Skip to main content

Before the Fall-out – Diana Preston *****

This is a highly compelling, and in places positively gripping, account of the discovery of radioactivity and nuclear physics and its subsequent use in the first atomic bomb. The physics involved is described in a very clear and readable manner, but what really makes this book a page-turner is the fact that we get the human story behind the narrative of the scientific discoveries made.
Preston does an excellent job of relating the biographical details of the key scientists such as the Curies and Ernest Rutherford in the early days of the science of radioactivity. The work of Otto Hans and Lise Mietner, their struggles in Nazi Germany, their subsequent escape and gradual realization of the potential of nuclear energy are also vividly described.
As you might expect a fair proportion of the book is devoted to the Manhattan Project and the tension between Robert Oppenheimer and Edward Teller. Preston also does an excellent job of portraying everyday life at Los Alamos for the scientists and their families.
We also discover the thrilling details of how the German nuclear bomb programme was stopped in its tracks by a daring operation carried out by British forces to destroy a Norwegian heavy water plant. Preston also delves in to the ambiguity of how much Heisenberg actually knew about the manufacturing of nuclear weapons, and in her epilogue speculates as to what might have happened if the Nazi programme had succeeded.
Probably the most moving sections of the book concern the inhabitants of Hiroshima and the crew of the Enola Gay – Preston’s handling of this is particularly superb and she balances the two viewpoints on the dropping of the nuclear bomb supremely well. What makes this book a worthy addition to anyone’s library is not the details of the science as such, but the fact that we get the stories of the individuals involved in one of the most significant historical events of the twentieth century.
Paperback:  
Review by Scotty_73

Comments

Popular posts from this blog

Rockets and Rayguns - Andrew May ****

The Cold War period saw dramatic developments in science and technology, coinciding with the flourishing of the science fiction genre. In Rockets and Rayguns, Andrew May draws on the parallels between reality and fiction, each influencing the other.

Inevitably a major Cold War theme was the threat of nuclear war, and May opens with the bomb. It's fascinating that fiction got there first - nuclear weapons were featured in science fiction when many physicists were still doubting the practicality of using nuclear energy. Of course, it's a lot easier to simply take a concept and dream up a weapon than it is to make it for real - for example, H. G. Wells' prophetic nuclear bombs from his 1914 The World Set Free were nothing like the real thing. And some science fiction devices concepts - notably ray guns and force fields - came to very little in reality. However this doesn't prevent the parallels being of interest.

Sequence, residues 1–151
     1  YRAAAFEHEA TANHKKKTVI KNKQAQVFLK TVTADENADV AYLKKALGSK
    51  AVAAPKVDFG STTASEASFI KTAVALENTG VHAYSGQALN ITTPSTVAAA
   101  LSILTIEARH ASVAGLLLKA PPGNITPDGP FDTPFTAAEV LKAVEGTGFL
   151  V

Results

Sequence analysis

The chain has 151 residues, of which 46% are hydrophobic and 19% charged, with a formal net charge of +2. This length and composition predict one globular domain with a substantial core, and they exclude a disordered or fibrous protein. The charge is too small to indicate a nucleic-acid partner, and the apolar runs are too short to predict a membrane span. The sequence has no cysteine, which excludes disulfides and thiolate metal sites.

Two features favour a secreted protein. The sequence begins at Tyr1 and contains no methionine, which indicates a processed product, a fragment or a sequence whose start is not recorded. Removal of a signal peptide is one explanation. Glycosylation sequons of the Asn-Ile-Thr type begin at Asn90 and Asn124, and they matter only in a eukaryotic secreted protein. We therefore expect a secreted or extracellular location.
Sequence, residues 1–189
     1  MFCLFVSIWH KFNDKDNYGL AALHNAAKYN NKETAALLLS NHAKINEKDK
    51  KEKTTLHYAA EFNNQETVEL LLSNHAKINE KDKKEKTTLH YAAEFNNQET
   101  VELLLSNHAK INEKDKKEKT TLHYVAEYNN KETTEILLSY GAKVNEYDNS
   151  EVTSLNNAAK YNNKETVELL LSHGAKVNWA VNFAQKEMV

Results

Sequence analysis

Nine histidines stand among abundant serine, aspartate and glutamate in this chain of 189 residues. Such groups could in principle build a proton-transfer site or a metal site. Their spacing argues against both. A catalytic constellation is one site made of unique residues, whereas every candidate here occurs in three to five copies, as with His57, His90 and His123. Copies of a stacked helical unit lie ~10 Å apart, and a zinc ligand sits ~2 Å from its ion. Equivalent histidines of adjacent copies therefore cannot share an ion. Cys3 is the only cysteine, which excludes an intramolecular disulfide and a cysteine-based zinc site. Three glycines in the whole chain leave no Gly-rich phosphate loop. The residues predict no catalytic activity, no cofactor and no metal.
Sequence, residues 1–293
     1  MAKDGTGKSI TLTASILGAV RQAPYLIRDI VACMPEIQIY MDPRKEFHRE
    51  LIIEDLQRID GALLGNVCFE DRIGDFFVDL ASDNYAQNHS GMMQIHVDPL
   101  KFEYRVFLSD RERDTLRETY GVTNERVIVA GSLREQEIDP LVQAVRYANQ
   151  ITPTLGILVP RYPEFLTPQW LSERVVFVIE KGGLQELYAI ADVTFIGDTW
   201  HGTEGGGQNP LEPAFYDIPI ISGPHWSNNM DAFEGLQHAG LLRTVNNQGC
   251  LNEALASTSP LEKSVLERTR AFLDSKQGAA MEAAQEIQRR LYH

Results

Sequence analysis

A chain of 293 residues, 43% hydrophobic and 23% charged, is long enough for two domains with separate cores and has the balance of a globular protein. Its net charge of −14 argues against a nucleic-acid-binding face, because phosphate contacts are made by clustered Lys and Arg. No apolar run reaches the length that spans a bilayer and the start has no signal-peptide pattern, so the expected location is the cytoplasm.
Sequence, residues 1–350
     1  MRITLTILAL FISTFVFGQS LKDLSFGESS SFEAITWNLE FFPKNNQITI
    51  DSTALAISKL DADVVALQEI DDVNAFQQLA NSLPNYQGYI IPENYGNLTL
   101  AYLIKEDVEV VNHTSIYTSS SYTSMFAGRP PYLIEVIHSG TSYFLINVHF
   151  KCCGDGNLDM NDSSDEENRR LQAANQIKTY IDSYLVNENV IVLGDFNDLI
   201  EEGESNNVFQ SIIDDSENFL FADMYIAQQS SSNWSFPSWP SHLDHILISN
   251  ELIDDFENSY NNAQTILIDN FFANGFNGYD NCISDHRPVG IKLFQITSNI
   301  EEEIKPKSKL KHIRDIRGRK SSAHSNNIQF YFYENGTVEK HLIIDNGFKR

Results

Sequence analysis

May gives us a mix of the science - describing how nuclear we…

Galileo Galilei, the Tuscan Artist – Pietro Greco ****

Near the beginning of John Milton’s epic poem Paradise Lost, he refers to a ‘Tuscan artist’ viewing the Moon through an optic glass. He’s talking about Galileo – one of history’s greatest scientists, but not the most obvious person to slap an ‘artist’ label on. Yet Galileo lived at a time – the Renaissance – when it was fashionable to dabble impartially in both the arts and sciences. Look up ‘Renaissance man’ on Wikipedia and you’ll see Galileo’s picture right there underneath Leonardo da Vinci’s. It’s a less well-known side to his life, but it crops up again and again – interspersed among his many scientific achievements – in this excellent new biography by Pietro Greco.

If you’re looking for interesting trivia, you’ll find plenty in this book. Galileo’s father was a musician with scientific leanings, who carried out some of the first experiments on musical acoustics – which Galileo may have assisted with. As a young professor of mathematics, Galileo delivered a couple of lectures on …

The Ultimate Interplanetary Travel Guide - Jim Bell **

Not too long ago, NASA brought out a series of spoof ‘space tourism’ posters for various destinations in the Solar System. For people like me, who have watched NASA depressingly fail to send humans to the other planets for decade after decade, it was just another painful twist of the knife. On the other hand, the posters probably have more appeal for younger and less cynical minds, by presenting familiar astronomical objects in a new and engaging way. There may even be scope for a whole book along these lines – and that’s what Jim Bell has attempted here.

The main thing I learned from it is that my brain is programmed to read either fiction or non-fiction, and can’t handle a 50:50 mix of the two – which is what this book is. It drove me mad –  not least because I could see that the same material, presented as straight non-fiction, could have made a really excellent book. Using the NASA posters as a starting point, he could have enumerated the potential ‘tourist sights’ at each location…